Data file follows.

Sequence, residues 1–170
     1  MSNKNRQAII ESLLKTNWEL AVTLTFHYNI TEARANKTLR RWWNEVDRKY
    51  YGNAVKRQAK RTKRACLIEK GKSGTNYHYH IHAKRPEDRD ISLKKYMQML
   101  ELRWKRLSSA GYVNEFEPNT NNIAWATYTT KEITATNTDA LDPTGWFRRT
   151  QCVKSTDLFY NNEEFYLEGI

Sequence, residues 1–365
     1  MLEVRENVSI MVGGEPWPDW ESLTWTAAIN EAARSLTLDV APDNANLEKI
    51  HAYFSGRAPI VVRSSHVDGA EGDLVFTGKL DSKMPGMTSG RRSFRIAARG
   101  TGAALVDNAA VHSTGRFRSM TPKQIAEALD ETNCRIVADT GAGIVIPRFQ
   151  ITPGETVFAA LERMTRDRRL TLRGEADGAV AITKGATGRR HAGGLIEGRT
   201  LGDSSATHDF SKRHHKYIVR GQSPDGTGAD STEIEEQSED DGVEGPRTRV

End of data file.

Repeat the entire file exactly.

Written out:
Sequence, residues 1–170
     1  MSNKNRQAII ESLLKTNWEL AVTLTFHYNI TEARANKTLR RWWNEVDRKY
    51  YGNAVKRQAK RTKRACLIEK GKSGTNYHYH IHAKRPEDRD ISLKKYMQML
   101  ELRWKRLSSA GYVNEFEPNT NNIAWATYTT KEITATNTDA LDPTGWFRRT
   151  QCVKSTDLFY NNEEFYLEGI

Sequence, residues 1–365
     1  MLEVRENVSI MVGGEPWPDW ESLTWTAAIN EAARSLTLDV APDNANLEKI
    51  HAYFSGRAPI VVRSSHVDGA EGDLVFTGKL DSKMPGMTSG RRSFRIAARG
   101  TGAALVDNAA VHSTGRFRSM TPKQIAEALD ETNCRIVADT GAGIVIPRFQ
   151  ITPGETVFAA LERMTRDRRL TLRGEADGAV AITKGATGRR HAGGLIEGRT
   201  LGDSSATHDF SKRHHKYIVR GQSPDGTGAD STEIEEQSED DGVEGPRTRV